The FTC's latest suit was filed a month after Intel agreed to pay $1.25 billion to settle antitrust complaints brought against it by AMD. The smaller chip maker had accused Intel of similar tactics to those in the FTC complaint, saying Intel provided rebates to PC makers if they agreed to forgo the use of AMD chips.
Intel admitted to no wrongdoing in that settlement. But it was also sued by the European Commission, which last May found Intel guilty of abusing its dominant position to shut smaller rivals out the market. It fined Intel €1.06 billion ($1.45 billion at the time), the biggest fine it had imposed in its history. Intel is appealing that decision.
Most of the previous cases dealt with CPUs only, but the FTC was also troubled by Intel's conduct in the graphics market. General purpose GPU chips from companies like Nvidia and AMD's ATI division are taking on CPU-like capabilities and are therefore another threat to Intel's dominance, the FTC said in its complaint.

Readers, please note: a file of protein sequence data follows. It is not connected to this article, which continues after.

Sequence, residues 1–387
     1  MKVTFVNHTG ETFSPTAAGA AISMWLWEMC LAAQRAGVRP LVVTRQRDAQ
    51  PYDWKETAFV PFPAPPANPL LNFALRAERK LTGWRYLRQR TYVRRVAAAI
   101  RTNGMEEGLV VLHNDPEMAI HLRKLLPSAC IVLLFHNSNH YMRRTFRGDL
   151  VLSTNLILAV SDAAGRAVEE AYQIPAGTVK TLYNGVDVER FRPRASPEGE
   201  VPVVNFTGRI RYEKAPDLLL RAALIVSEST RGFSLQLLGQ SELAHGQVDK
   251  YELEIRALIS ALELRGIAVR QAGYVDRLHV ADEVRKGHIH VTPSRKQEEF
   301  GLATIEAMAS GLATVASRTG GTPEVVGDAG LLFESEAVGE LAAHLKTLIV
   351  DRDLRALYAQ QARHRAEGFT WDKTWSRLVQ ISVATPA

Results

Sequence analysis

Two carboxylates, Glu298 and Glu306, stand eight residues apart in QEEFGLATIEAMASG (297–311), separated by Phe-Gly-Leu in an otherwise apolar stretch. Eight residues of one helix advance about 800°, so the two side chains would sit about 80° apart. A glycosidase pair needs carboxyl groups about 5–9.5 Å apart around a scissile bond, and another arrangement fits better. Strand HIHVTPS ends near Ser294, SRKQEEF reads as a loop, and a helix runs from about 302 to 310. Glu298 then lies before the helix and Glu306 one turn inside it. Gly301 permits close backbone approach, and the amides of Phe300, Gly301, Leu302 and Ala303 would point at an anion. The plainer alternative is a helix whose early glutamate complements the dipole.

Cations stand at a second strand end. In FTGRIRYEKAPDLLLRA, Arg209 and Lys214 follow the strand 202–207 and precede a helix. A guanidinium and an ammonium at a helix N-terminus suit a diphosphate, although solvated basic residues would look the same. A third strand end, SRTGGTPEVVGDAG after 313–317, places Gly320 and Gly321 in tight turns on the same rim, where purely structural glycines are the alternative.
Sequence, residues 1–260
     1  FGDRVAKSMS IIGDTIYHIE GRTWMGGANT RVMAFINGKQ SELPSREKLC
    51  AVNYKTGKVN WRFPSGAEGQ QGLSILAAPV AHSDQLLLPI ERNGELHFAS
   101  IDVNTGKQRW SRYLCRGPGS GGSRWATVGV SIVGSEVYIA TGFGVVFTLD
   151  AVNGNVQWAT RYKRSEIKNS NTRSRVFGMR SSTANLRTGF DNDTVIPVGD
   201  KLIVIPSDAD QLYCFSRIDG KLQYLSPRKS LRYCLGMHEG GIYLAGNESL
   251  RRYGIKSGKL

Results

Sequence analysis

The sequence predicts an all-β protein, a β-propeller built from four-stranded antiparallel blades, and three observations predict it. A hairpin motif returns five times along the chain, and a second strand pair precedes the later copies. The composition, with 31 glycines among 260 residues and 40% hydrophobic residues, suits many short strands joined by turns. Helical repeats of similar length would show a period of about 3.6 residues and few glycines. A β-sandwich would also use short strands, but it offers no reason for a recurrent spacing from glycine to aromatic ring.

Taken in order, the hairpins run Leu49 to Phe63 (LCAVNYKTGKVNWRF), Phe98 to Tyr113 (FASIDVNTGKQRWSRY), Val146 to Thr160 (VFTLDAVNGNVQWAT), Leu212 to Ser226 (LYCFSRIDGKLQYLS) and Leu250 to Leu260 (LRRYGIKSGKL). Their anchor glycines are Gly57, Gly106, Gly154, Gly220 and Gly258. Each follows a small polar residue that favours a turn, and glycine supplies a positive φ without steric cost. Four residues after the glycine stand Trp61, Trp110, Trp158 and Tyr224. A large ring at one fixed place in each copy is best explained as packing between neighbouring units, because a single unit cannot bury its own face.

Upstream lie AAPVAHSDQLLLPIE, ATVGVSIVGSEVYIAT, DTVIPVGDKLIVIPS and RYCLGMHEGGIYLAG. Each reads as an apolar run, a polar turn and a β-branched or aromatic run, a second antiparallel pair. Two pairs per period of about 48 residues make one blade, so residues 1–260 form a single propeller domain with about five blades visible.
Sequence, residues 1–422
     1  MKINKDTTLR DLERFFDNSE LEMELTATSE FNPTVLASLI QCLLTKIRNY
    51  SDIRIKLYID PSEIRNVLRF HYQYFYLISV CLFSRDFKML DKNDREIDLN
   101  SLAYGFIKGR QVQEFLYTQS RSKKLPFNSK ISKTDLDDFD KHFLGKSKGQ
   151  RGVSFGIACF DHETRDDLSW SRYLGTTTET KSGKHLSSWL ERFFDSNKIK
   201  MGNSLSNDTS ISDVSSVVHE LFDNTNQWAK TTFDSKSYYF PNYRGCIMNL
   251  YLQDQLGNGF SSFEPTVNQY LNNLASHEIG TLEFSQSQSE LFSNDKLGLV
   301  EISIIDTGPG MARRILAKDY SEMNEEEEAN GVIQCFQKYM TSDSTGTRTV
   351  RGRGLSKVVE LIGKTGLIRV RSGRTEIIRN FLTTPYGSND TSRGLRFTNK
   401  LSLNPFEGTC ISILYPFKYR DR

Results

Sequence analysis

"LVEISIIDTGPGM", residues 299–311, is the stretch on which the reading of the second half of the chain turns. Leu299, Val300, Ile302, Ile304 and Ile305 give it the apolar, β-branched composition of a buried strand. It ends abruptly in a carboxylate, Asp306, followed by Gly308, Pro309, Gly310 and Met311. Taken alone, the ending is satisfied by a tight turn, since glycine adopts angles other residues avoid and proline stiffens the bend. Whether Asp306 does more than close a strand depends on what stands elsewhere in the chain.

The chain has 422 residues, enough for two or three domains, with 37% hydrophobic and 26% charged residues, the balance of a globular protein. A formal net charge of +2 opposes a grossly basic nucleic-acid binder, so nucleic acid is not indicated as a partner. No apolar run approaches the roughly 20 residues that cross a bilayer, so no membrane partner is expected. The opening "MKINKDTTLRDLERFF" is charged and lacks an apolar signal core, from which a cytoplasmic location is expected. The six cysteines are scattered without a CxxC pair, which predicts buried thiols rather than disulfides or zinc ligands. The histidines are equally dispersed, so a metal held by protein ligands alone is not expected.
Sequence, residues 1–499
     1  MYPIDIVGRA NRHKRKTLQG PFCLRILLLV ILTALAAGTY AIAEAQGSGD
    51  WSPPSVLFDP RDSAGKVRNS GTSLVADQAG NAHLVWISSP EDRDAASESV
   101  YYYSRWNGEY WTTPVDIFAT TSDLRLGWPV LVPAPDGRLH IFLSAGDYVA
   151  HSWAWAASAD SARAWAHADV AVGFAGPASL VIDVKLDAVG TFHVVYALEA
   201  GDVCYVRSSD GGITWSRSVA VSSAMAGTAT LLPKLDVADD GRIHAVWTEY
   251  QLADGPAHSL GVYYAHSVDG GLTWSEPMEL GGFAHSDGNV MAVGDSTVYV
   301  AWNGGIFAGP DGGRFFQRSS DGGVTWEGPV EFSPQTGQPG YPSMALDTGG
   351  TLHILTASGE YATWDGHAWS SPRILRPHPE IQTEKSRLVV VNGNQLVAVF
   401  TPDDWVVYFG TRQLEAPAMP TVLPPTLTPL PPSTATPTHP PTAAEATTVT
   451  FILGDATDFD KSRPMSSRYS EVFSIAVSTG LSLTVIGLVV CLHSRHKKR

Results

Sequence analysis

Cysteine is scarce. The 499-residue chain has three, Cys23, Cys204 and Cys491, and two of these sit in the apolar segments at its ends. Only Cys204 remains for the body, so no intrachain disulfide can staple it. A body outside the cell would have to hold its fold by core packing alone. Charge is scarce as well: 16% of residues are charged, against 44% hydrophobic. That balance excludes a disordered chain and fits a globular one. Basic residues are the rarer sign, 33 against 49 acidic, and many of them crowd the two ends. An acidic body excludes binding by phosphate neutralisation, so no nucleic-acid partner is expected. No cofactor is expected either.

It accused Intel of several illegal tactics to hamper the development of its rivals' GPUs, including denying interoperability with its own microprocessors, and selling its CPUs and GPUs bundled together at below cost.
Intel and Nvidia filed opposing lawsuits last year over the interoperability issue, and the case is scheduled for trial in September.
Intel has maintained a 75 to 85 percent share of the desktop and server CPU markets for the past decade, the FTC said, giving it monopoly power. Research firm IDC said Intel's share of the PC chip market in the first quarter this year was 81 percent, compared to 18.8 percent for AMD and 0.2 percent for VIa.
Intel's share of the GPU market is more than 50 percent, the FTC said.